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Microwave Oven

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Vic25/10/2021 15:29:53
3014 forum posts
8 photos

We need to buy a new microwave, are there any parts worth removing from the old one before I take it to the tip?
I won’t be building anything “electrical” with the parts so this probably limits anything likely to be useful?

Grindstone Cowboy25/10/2021 15:44:14
799 forum posts
62 photos

If the bulb is still working, you could keep it in stock as a spare for your next one. Turntable motor could be useful, but that's getting into "electrical" territory.

Safety note - there are generally some big capacitors in microwaves, so make sure they are discharged before sticking your fingers into the circuitry.

Also, if dismantling the magnetron(?) unit to get at the strong (and therefore quite useful) magnets, bear in mind there are some ceramic looking components (usually pink) that contain something nasty. The name of it escapes me now, think it starts with B. Relatively safe unless they get scraped, broken or crushed into a powder form which could be inhaled.

Hope this helps.


martin perman25/10/2021 16:02:13
2030 forum posts
86 photos


Beryllium is the word your looking for, as said very good insulator but if damaged to powder state is toxic, natural colour is white.

Martin P

KWIL25/10/2021 16:06:42
3477 forum posts
66 photos

Much thin stainless steel sheet.

peak425/10/2021 16:09:12
1593 forum posts
172 photos

Other engineering folk might find the HV transformer useful to make a spot welder.


john fletcher 125/10/2021 16:19:09
754 forum posts

Regarding Micro wave cookers, once discharged the capacitor, the high voltage diode are useful and the wire from the transformer for recycling. Some PC boards have useful components which can easily removed with a hot soldering iron. And, as some one already said the cabinet, if you can make a new door and chassis the cabinet are very useful, for a power supply etc. I might add some gas cooker, gas boilers and washing machine are a good source of sheet steel. John

Vic25/10/2021 16:28:03
3014 forum posts
8 photos

Thanks for the replies folks. I was aware of the potential dangers from the capacitors in these things but well worth mentioning again.

Grindstone Cowboy25/10/2021 16:29:10
799 forum posts
62 photos
Posted by martin perman on 25/10/2021 16:02:13:


Beryllium is the word your looking for

Thanks Martin, thought it was either beryllium or boron, wasn't sure which.


Andrew Johnston25/10/2021 16:51:22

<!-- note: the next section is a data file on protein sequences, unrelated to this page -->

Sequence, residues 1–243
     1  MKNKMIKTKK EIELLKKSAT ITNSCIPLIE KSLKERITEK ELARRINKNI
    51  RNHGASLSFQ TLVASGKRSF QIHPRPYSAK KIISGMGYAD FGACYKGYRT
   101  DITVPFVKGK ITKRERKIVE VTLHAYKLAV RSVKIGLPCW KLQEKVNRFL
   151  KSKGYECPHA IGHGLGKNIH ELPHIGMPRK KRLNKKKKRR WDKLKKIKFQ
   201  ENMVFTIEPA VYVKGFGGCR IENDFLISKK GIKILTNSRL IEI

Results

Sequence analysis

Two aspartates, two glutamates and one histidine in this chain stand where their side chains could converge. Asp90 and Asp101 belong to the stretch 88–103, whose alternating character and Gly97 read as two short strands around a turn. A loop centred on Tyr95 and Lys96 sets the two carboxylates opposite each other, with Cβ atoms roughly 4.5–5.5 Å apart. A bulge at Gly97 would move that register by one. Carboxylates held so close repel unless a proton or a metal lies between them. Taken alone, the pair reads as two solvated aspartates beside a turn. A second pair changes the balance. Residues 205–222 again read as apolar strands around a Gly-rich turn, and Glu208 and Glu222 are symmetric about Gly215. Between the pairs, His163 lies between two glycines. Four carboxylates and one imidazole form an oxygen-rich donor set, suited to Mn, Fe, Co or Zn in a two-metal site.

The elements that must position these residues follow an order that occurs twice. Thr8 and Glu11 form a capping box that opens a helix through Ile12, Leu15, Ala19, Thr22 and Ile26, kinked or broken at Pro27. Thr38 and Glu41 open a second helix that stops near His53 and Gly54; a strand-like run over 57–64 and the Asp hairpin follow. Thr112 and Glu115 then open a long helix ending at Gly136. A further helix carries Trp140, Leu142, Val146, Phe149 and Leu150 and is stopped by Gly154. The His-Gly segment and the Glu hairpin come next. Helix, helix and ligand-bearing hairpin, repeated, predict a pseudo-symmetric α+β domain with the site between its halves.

6404 forum posts
682 photos
Posted by Grindstone Cowboy on 25/10/2021 16:29:10: was either beryllium or boron..........

Technically it's neither, the white insulator is beryllium oxide. Beryllium is a greyish metal. Both are toxic if dust is inhaled.


Jim Young 225/10/2021 16:59:09
36 forum posts
5 photos

This might also be interesting.
SillyOldDuffer25/10/2021 17:01:03
7909 forum posts
1725 photos
Posted by peak4 on 25/10/2021 16:09:12:

Other engineering folk might find the HV transformer useful to make a spot welder.


But beware! A Microwave Oven Transformer is the most dangerous electrical item in the home. Bad enough they step-up mains voltage to a couple of kilovolts, but the design of the core means there's virtually no limit to the amount of current they can deliver. They cause severe shock and horrible burns. Old Sparky stuff - victims have been known to catch fire...

This image is from a YouTube Video intended to highlight the risks. About 5:30 minutes in:


Despite approaching these beasts with extreme caution there have been a number of nasty accidents in the Tesla Coil community.

The answer is simple: don't plug it in until the High Tension winding has been removed!!!


Frances IoM25/10/2021 17:35:50
1195 forum posts
28 photos
it would have to be a very old microwave oven to have a transformer in it - modern power supplies are much lighter and very much cheaper.
Rik Shaw25/10/2021 18:31:16
1469 forum posts
398 photos

"victims have been known to catch fire"

The mind boggles when contemplating the future technology of crematoria but I think this could be just the TING. hot


Russell Eberhardt25/10/2021 19:17:09
2726 forum posts
86 photos
Posted by Andrew Johnston on 25/10/2021 16:51:22:

Technically it's neither, the white insulator is beryllium oxide. Beryllium is a greyish metal. Both are toxic if dust is inhaled.

Splinters can get under the skin and can be absorbed by the body. Nasty stuff, we had strict rules for handling it when I worked with it at a research lab in the 70s.


Vic25/10/2021 20:00:05
3014 forum posts
8 photos

I’ve decided I can’t be bothered for just a couple of magnets. wink

Phil Whitley25/10/2021 20:43:22
1394 forum posts
147 photos

Many small and very useful microswitches!

Phil Whitley25/10/2021 20:43:35
1394 forum posts
147 photos

Many small and very useful microswitches!

Mick Bailey26/10/2021 09:53:47
25 forum posts

There's usually some good high-temperature wiring with glass fibre/silicone insulation, as well as decent lengths of glass fibre screening. Also plenty of 6mm spade terminal insulation boots. I've used these for vehicle restoration projects where high temperature resistance is needed for wiring.

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